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Science 337 (6095): 749-753

Copyright © 2012 by the American Association for the Advancement of Science

Bergmann Glial AMPA Receptors Are Required for Fine Motor Coordination

Aiman S. Saab,1,2 Alexander Neumeyer,3,* Hannah M. Jahn,1,2,*,{dagger} Alexander Cupido,1,* Antonia A. M. Simek,4,* Henk-Jan Boele,4 Anja Scheller,1,2 Karim Le Meur,1,{ddagger} Magdalena Götz,5,6 Hannah Monyer,7 Rolf Sprengel,8 Maria E. Rubio,9 Joachim W. Deitmer,3 Chris I. De Zeeuw,4,10,§ Frank Kirchhoff1,2,§

Abstract: The impact of glial neurotransmitter receptors in vivo is still elusive. In the cerebellum, Bergmann glial (BG) cells express α-amino-3-hydroxy-5-methyl-4-isoxazolepropionic acid (AMPA)–type glutamate receptors (AMPARs) composed exclusively of GluA1 and/or GluA4 subunits. With the use of conditional gene inactivation, we found that the majority of cerebellar GluA1/A4-type AMPARs are expressed in BG cells. In young mice, deletion of BG AMPARs resulted in retraction of glial appendages from Purkinje cell (PC) synapses, increased amplitude and duration of evoked PC currents, and a delayed formation of glutamatergic synapses. In adult mice, AMPAR inactivation also caused retraction of glial processes. The physiological and structural changes were accompanied by behavioral impairments in fine motor coordination. Thus, BG AMPARs are essential to optimize synaptic integration and cerebellar output function throughout life.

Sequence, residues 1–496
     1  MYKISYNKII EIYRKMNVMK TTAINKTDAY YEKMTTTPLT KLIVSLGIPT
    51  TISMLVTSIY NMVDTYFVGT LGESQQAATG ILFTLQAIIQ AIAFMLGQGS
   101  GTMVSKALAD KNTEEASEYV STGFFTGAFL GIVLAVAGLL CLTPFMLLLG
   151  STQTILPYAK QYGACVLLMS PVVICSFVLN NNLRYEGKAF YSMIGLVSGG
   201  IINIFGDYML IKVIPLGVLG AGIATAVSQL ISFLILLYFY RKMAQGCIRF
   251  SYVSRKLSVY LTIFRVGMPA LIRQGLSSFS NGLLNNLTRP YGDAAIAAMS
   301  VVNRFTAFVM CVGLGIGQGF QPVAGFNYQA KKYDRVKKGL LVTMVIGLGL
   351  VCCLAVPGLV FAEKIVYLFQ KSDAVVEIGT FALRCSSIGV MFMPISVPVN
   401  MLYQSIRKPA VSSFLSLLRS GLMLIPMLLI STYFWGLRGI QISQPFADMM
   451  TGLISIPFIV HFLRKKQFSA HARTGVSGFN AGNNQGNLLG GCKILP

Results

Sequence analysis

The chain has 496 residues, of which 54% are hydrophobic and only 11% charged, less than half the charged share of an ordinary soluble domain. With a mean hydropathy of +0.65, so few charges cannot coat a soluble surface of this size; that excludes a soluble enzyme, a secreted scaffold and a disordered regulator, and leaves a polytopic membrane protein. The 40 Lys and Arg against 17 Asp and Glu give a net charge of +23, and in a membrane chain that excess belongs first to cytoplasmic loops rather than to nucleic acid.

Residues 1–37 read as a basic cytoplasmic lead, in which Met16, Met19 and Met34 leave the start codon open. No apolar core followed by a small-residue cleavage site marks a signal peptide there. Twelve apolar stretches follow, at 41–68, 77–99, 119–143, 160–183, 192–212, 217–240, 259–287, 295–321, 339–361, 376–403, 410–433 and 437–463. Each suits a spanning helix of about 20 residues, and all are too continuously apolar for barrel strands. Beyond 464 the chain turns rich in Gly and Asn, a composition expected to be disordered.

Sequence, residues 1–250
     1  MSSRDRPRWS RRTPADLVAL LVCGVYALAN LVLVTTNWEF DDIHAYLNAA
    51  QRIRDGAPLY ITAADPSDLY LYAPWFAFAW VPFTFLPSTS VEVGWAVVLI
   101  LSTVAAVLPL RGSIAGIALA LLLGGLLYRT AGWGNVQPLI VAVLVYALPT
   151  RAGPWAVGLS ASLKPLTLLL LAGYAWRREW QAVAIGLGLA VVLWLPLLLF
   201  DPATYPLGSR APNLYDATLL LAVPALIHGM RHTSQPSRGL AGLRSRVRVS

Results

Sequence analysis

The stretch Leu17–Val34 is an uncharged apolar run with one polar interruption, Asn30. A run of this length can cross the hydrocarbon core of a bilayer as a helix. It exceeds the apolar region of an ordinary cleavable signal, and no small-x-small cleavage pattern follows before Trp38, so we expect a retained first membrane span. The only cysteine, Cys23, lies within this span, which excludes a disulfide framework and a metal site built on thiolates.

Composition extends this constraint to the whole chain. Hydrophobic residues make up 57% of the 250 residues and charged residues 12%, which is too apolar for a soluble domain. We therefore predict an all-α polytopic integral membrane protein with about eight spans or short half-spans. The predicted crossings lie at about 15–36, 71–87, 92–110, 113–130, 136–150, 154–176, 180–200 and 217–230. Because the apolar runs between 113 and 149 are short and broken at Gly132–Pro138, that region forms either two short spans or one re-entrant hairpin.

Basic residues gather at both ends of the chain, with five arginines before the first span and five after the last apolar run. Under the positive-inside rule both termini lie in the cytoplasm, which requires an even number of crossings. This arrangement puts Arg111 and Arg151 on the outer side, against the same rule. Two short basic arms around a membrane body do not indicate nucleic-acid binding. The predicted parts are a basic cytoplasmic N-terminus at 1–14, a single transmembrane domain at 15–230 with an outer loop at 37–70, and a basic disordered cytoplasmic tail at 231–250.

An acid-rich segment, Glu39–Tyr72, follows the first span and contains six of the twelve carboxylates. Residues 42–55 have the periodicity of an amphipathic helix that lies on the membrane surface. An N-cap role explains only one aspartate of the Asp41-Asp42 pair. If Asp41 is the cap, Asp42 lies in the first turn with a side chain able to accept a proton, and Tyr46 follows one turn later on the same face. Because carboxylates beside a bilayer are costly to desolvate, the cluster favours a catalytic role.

1 Department of Molecular Physiology, University of Saarland, Homburg, Germany.
2 Department of Neurogenetics, Max Planck Institute of Experimental Medicine, Göttingen, Germany.
3 Fachbereich Biologie, Technische Universität Kaiserslautern, Kaiserslautern, Germany.
4 Department of Neuroscience, Erasmus MC, Rotterdam, Netherlands.
5 Department of Physiology, Ludwig-Maximilians University, Munich, Germany.
6 Institute for Stem Cell Research, Helmholtz Center Munich, Neuherberg, Germany.
7 Department of Clinical Neurobiology at the German Cancer Research Center and the Medical Faculty of the Heidelberg University, Heidelberg, Germany.
8 Department of Molecular Neurobiology, Max Planck Institute of Medical Research, Heidelberg, Germany.
9 Department of Otolaryngology, University of Pittsburgh, Pittsburgh, PA, USA.
10 Netherlands Institute for Neuroscience, Royal Netherlands Academy of Arts and Sciences (KNAW), Amsterdam, Netherlands.

* These authors contributed equally to this work.

{dagger} Present address: Faculty of Life Sciences, University of Manchester, Manchester, UK.

{ddagger} Present address: Systems Neuroscience, Bernstein Focus for Neurotechnology and Johann-Friedrich-Blumenbach Institut für Zoologie und Anthropologie, Georg-August-Universität Göttingen, Germany.

§ To whom correspondence should be addressed. E-mail: frank.kirchhoff{at}uks.eu (F.K.); c.dezeeuw{at}erasmusmc.nl (C.I.D.Z.)


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